תמרים בכמה אמר רב יוסף תמרים בקב אמר רב יוסף מנא אמינא לה דתניא אכל גרוגרות ושילם תמרים תבוא עליו ברכה
The Gemara asks: How many dates are needed to establish an eiruv? Rav Yosef said: The minimal amount of dates one may use is a kav. Rav Yosef said: From where do I say this halakha? As it was taught in a baraita: If one inadvertently ate dried figs of teruma, and paid dates in compensation, may a blessing come upon him.
היכי דמי אילימא לפי דמים דאכל מיניה בזוזא וקא משלם ליה בזוזא מאי תבא עליו ברכה בזוזא אכל בזוזא קא משלם אלא לאו לפי מדה דאכל מיניה גריוא דגרוגרות דשויא זוזא וקא משלם ליה גריוא דתמרים דשוי ארבעה וקתני תבא עליו ברכה אלמא תמרים עדיפי
The Gemara proceeds to clarify this ruling: What are the circumstances of this case? If you say that one paid according to the value of the figs he ate, e.g., he ate a zuz worth of figs and he paid a zuz worth of dates, what is the reason it says: May a blessing come upon him? He ate a zuz and paid a zuz. Rather, is it not that he paid in accordance with the measure of the figs eaten, e.g., that he ate a se’a of dried figs worth one zuz, and he paid a se’a of dates worth four zuz. And it says: May a blessing come upon him. Apparently, dates are superior to dried figs. Accordingly, since we learned above that one may establish an eiruv with a kav of dried figs, a kav of dates should certainly suffice for the purpose of an eiruv.
אמר ליה אביי לעולם דאכל מיניה בזוזא וקא משלם בזוזא ומאי תבא עליו ברכה דאכל מיניה מידי דלא קפיץ עליה זבינא וקא משלם ליה מידי דקפיץ עליה זבינא
Abaye said to Rav Yosef: No proof can be brought from here. It can be argued that he actually ate a zuz worth of figs and he paid a zuz worth of dates. And what is the reason it says: May a blessing come upon him? For he ate something that buyers are not eager to buy, and he paid him something that buyers are eager to buy. Even though they are equal in value, the priest benefits, for it is easier for him to sell dates than to sell dried figs.
שתיתא אמר רב אחא בר פנחס תרי שרגושי כיסאני אמר אביי תרי בוני דפומבדיתא
With regard to shetita, a dish made of roasted flour and honey, Rav Aḥa bar Pineḥas said: Two large spoonfuls are needed for an eiruv. With regard to kisanei, a type of roasted grain, Abaye said: Two Pumbeditan bunei, the name of a particular of measurement.
אמר אביי אמרה לי אם הני כסאני מעלו לליבא ומבטלי מחשבתא
Having mentioned roasted grain, the Gemara tangentially relates that Abaye said: Mother, actually his foster mother, told me: These roasted grains are good for the heart and drive away worrisome thoughts.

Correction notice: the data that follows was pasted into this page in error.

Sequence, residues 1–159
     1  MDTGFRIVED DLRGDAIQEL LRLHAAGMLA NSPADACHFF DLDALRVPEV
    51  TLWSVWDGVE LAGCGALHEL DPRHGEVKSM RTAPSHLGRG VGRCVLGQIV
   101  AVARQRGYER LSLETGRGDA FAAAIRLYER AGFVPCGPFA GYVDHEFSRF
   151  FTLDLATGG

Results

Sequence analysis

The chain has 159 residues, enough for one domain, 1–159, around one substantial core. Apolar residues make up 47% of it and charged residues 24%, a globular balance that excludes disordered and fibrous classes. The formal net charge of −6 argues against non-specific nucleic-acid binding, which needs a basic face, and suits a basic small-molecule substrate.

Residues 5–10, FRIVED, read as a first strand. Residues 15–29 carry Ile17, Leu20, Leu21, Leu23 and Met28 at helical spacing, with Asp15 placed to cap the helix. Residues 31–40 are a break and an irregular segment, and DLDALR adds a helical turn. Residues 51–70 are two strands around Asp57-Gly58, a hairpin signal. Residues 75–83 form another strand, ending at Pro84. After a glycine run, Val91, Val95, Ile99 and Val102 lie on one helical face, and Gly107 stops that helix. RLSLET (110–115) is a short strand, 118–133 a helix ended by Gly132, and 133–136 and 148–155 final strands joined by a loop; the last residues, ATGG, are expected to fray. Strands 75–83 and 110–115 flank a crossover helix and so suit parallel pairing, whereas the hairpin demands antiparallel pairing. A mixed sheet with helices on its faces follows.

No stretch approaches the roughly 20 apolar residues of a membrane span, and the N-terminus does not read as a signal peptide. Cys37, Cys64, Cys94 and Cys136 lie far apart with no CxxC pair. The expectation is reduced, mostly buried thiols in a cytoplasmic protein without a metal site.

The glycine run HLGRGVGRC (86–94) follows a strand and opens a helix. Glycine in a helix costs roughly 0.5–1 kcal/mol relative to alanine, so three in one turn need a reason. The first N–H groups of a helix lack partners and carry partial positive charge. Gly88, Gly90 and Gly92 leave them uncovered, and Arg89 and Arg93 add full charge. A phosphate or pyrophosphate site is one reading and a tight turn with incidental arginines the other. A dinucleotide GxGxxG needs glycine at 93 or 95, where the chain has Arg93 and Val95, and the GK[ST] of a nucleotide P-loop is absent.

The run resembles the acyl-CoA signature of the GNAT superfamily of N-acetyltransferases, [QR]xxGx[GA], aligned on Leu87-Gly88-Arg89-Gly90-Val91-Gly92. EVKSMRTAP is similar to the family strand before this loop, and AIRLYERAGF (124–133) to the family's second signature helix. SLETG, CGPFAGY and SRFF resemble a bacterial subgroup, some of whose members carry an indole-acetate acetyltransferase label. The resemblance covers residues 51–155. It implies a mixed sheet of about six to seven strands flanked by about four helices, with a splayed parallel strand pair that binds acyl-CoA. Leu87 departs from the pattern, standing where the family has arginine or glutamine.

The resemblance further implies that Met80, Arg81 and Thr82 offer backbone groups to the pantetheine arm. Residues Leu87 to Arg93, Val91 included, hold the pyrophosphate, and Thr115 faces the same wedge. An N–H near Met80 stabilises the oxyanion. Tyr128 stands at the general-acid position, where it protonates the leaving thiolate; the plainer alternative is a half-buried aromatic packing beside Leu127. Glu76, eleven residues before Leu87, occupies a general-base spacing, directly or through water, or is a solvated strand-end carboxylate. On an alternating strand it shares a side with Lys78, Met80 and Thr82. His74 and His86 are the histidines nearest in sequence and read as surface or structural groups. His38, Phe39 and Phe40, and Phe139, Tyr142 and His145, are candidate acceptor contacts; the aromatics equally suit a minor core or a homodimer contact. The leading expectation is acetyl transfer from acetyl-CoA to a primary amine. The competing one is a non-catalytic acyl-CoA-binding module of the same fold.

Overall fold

ואמר אביי אמרה לי אם האי מאן דאית ליה חולשא דליבא לייתי בישרא דאטמא ימינא דדיכרא ולייתי כבויי דרעיתא דניסן ואי ליכא כבויי דרעיתא לייתי סוגייני דערבתא וניכבביה וניכול ונשתי בתריה חמרא מרקא:
And Abaye said: Mother told me about another remedy. One who suffers from weakness of the heart should go and bring the meat of the right thigh of a ram, and also bring the dung of grazing cattle from the month of Nisan, and if there is no cattle dung he should bring willow twigs, and then roast the meat on a fire made with the dung or twigs, and eat it, and drink afterward some diluted wine. This will improve his condition.
אמר רב יהודה אמר שמואל כל שהוא ליפתן כדי לאכול בו כל שאינו ליפתן כדי לאכול הימנו בשר חי כדי לאכול הימנו בשר צלי רבה אמר כדי לאכול בו ורב יוסף אמר כדי לאכול הימנו
Returning to the matter of quantities of food required for an eiruv, Rav Yehuda said that Shmuel said: The minimum quantity for anything that serves as a relish is enough to eat two meals with it, i.e., enough to serve as a relish for the bread eaten in two meals. And with regard to anything that is not a relish, but rather is a food in its own right, one must use enough to eat two meals of it. The minimum quantity of raw meat is enough to eat two meals of it. Roasted meat is the subject of a dispute: Rabba said: Enough to eat the bread of two meals with it. That is to say, roasted meat is not a food in itself, but rather it serves as relish for other foods. And Rav Yosef said: Enough to eat two meals of it, as it is a food in its own right.
אמר רב יוסף מנא אמינא לה דהני פרסאי אכלי טבהקי בלא נהמא אמר ליה אביי ופרסאי הוו רובא דעלמא והתנן בגדי עניים לעניים בגדי עשירים לעשירים
Rav Yosef said: From where do I say this halakha? For these Persians eat pieces of roasted meat [tabahakki] without bread, which shows that meat itself is a food. Abaye said to him: But are the Persians a majority of the world? The halakha follows the customary practice of most of the world and not that of particular locales. Didn’t we learn the following in a baraita? Clothing of the poor, i.e., pieces of cloth measuring three by three fingerbreadths, contracts impurity when in the possession of any poor people because poor people attach importance even to scraps of cloth of such small size. Clothing of the wealthy measuring at least three by three handbreadths contracts impurity in all cases, whether or not it is owned by the wealthy.